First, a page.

Manufacturing of synthetic soda ash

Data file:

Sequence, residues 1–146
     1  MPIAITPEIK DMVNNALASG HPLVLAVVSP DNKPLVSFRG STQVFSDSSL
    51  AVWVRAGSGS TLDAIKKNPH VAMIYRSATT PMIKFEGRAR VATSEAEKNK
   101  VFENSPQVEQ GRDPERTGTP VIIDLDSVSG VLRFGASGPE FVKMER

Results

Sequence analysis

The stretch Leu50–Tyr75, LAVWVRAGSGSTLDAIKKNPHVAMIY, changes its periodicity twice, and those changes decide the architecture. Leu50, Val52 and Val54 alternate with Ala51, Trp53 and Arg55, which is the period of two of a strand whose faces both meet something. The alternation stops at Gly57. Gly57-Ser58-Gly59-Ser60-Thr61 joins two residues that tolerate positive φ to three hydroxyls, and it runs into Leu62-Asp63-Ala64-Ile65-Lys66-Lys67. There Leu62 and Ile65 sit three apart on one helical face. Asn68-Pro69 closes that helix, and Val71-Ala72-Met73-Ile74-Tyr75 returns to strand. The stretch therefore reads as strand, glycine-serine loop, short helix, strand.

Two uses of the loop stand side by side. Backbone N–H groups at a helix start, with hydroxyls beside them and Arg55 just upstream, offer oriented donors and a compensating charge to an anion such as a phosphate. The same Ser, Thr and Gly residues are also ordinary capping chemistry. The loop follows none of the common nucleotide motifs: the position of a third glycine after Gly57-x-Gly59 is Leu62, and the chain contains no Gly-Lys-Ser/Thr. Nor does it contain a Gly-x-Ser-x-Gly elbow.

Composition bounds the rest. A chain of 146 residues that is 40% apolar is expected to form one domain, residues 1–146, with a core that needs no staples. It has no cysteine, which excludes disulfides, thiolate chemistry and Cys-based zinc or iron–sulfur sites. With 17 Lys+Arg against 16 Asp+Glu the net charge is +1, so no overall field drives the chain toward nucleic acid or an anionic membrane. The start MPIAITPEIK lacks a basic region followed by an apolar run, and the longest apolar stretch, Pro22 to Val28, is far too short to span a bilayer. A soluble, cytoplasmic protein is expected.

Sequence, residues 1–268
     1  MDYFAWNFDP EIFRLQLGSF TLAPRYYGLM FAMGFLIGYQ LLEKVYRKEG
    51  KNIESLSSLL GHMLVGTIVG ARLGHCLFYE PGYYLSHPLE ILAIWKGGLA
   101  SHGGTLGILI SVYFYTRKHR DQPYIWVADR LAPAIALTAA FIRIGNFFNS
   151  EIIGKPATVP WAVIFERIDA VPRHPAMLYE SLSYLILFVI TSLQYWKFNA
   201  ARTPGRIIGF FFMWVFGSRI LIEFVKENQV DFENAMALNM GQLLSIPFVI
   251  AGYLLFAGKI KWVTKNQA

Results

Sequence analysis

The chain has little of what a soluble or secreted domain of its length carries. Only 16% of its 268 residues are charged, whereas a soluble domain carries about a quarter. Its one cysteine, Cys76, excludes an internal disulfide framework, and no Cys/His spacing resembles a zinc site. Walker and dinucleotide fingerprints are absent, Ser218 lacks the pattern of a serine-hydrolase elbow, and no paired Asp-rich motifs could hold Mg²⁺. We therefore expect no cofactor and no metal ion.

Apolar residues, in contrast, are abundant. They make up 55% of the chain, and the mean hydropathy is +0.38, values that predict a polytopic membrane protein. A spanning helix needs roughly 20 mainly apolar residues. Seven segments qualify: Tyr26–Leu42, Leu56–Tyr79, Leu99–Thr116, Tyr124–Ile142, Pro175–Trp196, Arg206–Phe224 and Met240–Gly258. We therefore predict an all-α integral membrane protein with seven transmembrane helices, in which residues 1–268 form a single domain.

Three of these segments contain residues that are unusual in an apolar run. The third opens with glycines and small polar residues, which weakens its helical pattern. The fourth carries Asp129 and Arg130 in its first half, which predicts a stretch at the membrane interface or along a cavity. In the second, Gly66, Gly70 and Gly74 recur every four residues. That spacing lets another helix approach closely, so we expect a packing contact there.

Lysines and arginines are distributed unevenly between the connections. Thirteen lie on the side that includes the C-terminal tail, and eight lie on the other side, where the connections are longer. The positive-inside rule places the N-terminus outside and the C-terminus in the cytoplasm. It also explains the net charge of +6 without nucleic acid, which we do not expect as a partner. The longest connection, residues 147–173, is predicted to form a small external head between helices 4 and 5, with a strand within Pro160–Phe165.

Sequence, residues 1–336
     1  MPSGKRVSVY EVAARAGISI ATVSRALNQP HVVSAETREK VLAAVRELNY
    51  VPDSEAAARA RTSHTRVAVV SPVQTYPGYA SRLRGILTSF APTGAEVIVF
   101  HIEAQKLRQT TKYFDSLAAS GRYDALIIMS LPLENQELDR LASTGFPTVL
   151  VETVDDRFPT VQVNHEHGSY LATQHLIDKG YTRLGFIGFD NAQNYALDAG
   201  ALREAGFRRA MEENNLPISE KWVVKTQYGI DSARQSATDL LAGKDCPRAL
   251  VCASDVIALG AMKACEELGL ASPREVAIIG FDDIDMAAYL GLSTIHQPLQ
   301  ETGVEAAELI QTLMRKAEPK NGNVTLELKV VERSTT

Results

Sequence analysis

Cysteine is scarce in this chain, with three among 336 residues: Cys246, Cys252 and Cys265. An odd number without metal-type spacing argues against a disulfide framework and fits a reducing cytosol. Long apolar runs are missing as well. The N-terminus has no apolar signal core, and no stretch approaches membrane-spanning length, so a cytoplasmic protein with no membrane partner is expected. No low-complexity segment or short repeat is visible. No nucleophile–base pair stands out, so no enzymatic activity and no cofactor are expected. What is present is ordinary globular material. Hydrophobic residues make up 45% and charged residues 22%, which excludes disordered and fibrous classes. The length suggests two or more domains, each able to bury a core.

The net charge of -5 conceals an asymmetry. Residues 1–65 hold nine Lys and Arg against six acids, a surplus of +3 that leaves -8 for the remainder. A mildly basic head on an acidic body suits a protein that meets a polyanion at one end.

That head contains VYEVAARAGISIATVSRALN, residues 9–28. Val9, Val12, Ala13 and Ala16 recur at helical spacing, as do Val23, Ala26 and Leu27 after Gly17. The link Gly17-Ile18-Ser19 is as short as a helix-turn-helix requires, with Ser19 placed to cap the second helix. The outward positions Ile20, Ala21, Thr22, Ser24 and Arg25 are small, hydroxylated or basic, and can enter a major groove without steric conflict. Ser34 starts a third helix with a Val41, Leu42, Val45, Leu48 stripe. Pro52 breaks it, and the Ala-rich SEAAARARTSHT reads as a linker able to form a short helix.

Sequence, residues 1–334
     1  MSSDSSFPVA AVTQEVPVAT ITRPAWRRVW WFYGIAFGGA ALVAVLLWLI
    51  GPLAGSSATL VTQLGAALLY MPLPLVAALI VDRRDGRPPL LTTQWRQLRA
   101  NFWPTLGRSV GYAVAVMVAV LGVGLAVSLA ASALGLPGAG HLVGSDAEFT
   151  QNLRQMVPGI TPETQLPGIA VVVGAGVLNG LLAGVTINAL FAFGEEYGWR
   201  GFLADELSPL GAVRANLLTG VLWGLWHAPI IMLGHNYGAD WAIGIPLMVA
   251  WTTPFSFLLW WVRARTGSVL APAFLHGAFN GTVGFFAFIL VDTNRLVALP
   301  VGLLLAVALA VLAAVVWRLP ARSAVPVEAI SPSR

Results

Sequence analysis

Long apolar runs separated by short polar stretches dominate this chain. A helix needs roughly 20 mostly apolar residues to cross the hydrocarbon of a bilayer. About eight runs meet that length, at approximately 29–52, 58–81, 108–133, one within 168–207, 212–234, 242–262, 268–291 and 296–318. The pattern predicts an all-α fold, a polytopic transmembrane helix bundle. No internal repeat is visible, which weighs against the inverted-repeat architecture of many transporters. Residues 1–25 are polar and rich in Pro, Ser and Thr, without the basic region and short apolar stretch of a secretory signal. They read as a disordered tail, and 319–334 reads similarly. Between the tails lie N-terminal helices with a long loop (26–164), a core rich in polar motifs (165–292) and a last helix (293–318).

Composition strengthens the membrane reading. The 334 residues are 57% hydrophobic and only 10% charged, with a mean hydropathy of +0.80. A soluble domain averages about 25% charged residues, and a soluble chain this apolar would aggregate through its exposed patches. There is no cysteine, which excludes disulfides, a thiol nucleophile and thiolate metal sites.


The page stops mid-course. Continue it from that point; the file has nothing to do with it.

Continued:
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The aim of the project was to study the manufacturing of synthetic soda ash (sodium carbonate, Na2CO3) on an industrial scale. Currently all Soda ash that is used in South Africa for manufacturing glass is imported at a high cost, and the company Nampak Wiegand Glass (South Africa) is investigating the possibility to locally manufacture synthetic soda ash. About 75% of soda ash is synthetically produced from either the Leblanc process, Solvay process, Modified Solvay (Dual) process or dry lime process. This study concentrated on the Solvay process on a laboratory scale for eventual input into a larger pilot plant. The produced material was analyzed using analytical techniques such as FTIR (Fourier Transform Infrared spectroscopy), Scanning Electron Microscopy and Energy Dispersive X-ray Spectroscopy, Inductively Coupled Plasma Mass Spectrometry (ICP-MS) and Inductively Coupled Plasma Atomic Emission spectroscopy (ICP-AES). There are certain standard requirements for impurities in the soda ash, and this needed to be measured and determined what changes to the process will bring the impurities to the required minimum standard. Environmental issues around the manufacturing process were also studied. After completing of the laboratory experiments and the extraction of required data from the results, Nampak will use the information to decide on a followup to the building of a small pilot plant to further test and develop the engineering and economical aspects of a full plant. If successful a full scale manufacturing plant can be developed in South Africa for producing soda ash. This study thus will not only help Nampak Wiegand Glass in finalizing the decision to go ahead, but its result will also benefit other companies that use the soda ash in oil refining, water treatment, pulp and paper, chemical industry etc. Some parts of the work done will be proprietary to Nampak and subject to confidentiality agreement.